Review: War of Honor

June 28th, 2010 | Published in Book, Review | No Comments


(I actually finished this book a few weeks ago, but have been too lazy to review it.)

War of Honor isn’t David Weber‘s latest by any means, but it is to me, who just started the series earlier this year. This, the tenth book in the ongoing thread, isn’t quite the perfect storm we got in Ashes of Victory, but is nevertheless chock full of everything short of Haven’s total subjugation, and a much stronger novel.

What does that mean? Well, Nimitz and Samantha freely use sign language to communicate with practically everyone, and on at least one occasion concerning Hamish’s wife Emily, this is especially important. Why? Because Samantha has bonded with our good Earl White Haven! This happens early enough in the novel that I don’t consider it a spoiler, but it also happens after High Ridge and his disreputable new cabinet launch a smear campaign implying that Honor and Hamish are lovers. Hamish himself has been benched as no longer necessary, since the current government considers the war over, ignoring the animosity between him and the new Lord of Admirality.

Then of course Eloise Pritchart and Thomas Theisman have teamed up spectacularly to turn around Haven’s government. Reinstating the old constitution, even removing the ‘People’ from the Republic of Haven. If only Senator Jason Giancola, a previous member of the government who held together the economy, wasn’t actively sabotaging peace talks to further his own career. This is important because Haven has finally developed and mass-produced a fleet of warships that end Manticore’s dominance of the stars, especially since Janacek and his ilk have systematically dismantled the navy to free funding for their own self-serving projects.

Secondary to these primary events, the Andermani are actively pursuing Silesian territory, putting them in a direct antagonistic stance with Manticore. Presumably this is merely due to the past war with Haven reducing policing of pirates, so they’re simply securing territory, but it almost becomes a full-scale conflict if not for the reassignment of Admiral von Sternhafen with the more sympathetic Admiral Rabenstrange. Even that is almost derailed by political posturing to avoid losing face, a recurring theme witnessed throughout the novel.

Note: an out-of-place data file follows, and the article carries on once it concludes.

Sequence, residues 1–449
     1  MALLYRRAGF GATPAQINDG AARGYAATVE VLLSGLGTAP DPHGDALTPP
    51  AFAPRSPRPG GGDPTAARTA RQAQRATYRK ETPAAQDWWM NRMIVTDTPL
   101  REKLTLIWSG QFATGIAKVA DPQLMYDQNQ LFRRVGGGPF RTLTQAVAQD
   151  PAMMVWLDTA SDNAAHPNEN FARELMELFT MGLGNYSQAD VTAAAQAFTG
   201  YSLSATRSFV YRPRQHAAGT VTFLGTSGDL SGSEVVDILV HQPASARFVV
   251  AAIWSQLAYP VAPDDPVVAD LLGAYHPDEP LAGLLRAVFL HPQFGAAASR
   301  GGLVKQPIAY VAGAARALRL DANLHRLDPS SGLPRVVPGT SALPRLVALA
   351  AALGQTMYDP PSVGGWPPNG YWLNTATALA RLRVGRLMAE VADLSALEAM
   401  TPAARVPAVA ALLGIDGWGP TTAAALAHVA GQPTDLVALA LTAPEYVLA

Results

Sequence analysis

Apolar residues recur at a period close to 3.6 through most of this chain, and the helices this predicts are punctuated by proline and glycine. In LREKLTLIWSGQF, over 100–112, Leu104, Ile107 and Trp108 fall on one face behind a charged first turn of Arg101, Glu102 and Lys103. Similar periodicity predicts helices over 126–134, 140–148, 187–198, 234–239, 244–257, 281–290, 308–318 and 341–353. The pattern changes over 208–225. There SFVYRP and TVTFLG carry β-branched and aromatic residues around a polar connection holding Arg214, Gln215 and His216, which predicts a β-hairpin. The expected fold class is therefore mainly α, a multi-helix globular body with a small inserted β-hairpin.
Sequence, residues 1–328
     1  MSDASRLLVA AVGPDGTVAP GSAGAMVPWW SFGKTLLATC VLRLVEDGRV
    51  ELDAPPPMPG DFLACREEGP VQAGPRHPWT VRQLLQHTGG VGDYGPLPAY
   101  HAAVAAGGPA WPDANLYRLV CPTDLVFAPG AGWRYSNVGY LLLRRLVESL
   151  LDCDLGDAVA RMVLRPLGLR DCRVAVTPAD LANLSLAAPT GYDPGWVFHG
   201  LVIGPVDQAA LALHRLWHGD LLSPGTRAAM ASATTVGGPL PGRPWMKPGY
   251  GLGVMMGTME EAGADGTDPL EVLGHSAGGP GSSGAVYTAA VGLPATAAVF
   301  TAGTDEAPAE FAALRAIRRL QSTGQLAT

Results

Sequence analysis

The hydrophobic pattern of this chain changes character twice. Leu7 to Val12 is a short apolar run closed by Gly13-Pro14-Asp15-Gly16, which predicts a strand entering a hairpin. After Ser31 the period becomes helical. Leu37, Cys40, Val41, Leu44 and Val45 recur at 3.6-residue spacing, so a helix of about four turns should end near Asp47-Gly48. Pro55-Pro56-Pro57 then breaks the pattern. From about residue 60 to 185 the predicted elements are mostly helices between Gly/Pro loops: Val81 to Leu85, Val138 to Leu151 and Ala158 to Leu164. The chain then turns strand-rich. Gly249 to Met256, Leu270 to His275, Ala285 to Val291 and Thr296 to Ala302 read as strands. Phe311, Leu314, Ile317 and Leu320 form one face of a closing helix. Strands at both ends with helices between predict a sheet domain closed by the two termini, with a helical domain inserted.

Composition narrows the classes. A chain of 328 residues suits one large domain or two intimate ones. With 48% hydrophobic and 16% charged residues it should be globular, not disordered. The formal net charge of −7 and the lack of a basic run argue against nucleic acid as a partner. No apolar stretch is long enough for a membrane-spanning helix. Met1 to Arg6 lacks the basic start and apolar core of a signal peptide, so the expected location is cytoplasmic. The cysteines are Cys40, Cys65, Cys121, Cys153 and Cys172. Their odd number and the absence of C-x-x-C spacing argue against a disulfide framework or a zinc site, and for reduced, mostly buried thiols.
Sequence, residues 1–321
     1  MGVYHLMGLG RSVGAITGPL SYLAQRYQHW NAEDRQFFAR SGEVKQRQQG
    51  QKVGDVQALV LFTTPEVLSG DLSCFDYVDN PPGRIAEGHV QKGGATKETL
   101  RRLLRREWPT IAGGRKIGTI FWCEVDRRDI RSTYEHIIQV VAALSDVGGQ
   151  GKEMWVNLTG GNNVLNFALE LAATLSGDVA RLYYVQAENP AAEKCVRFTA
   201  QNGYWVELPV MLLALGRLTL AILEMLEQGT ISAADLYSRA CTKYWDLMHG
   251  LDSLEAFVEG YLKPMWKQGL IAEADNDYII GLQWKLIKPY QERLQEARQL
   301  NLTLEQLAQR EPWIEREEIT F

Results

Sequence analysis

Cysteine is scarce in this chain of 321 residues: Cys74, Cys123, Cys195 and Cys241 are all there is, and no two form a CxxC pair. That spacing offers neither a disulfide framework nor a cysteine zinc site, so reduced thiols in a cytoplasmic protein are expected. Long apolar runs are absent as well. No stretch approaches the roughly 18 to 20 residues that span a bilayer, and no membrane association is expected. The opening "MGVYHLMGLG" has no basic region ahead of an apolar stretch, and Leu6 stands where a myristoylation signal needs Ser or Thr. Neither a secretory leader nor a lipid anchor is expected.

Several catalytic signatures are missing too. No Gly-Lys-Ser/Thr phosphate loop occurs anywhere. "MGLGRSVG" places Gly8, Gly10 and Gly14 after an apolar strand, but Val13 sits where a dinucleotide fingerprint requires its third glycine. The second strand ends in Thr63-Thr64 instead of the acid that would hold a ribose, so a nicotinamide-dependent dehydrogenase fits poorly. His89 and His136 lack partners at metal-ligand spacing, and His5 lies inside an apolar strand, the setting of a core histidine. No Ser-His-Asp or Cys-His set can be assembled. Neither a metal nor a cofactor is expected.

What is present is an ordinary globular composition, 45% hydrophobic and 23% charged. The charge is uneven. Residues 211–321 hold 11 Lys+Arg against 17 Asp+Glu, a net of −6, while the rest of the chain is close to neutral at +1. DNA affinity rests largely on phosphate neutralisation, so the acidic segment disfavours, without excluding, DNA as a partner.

It’s this last element that’s most maddening. I’m glossing over a lot of the intrigue and maneuvering, because there’s just so much of it. Unlike the issues I had with Ashes of Victory, there’s very little elucidation wasted on various tangents, but that’s only because everyone and his treecat has a finger in the pie. It seems as if each individual in High Ridge’s government has mutually opposing goals, yet their tacit involvement in his power-grab creates a daytime soap-opera in space. Seriously, I re-read the cover to see if I’d inadvertently obtained an adaptation of All My Children. This has always been a part of the Honorverse, yet never so hilariously evident. I wanted to slap almost everyone in the book pretty much constantly.

Sadly, this could be a relevant observation of politics on Weber’s part. Everyone has an agenda; everyone works to his or her own end; even mutually beneficial plans are often derailed by perceived necessity. And that is the true calamity here: these cartoonish self-serving idiots could be any existing government. Yell at the book all you want, they remain catastrophically stupid until finally and inevitably ousted by yet more backstabbing and intrigue. Things look good at the end of the novel, but we all know that can change in the space of a few pages. Now I need to go back and peruse the anthologies, since they apparently contain significant developments relevant to subsequent entries. Hopefully they’re slightly less political; I need a rest.


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